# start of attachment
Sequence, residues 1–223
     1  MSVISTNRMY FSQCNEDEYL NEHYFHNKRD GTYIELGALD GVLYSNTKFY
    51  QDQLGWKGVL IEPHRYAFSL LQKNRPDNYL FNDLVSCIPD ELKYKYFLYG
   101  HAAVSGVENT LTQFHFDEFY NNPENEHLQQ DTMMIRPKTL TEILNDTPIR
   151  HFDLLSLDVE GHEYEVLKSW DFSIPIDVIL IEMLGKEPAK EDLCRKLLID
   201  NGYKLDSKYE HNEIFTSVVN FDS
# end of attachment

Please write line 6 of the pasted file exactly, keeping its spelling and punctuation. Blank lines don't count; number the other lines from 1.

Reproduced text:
   201  NGYKLDSKYE HNEIFTSVVN FDS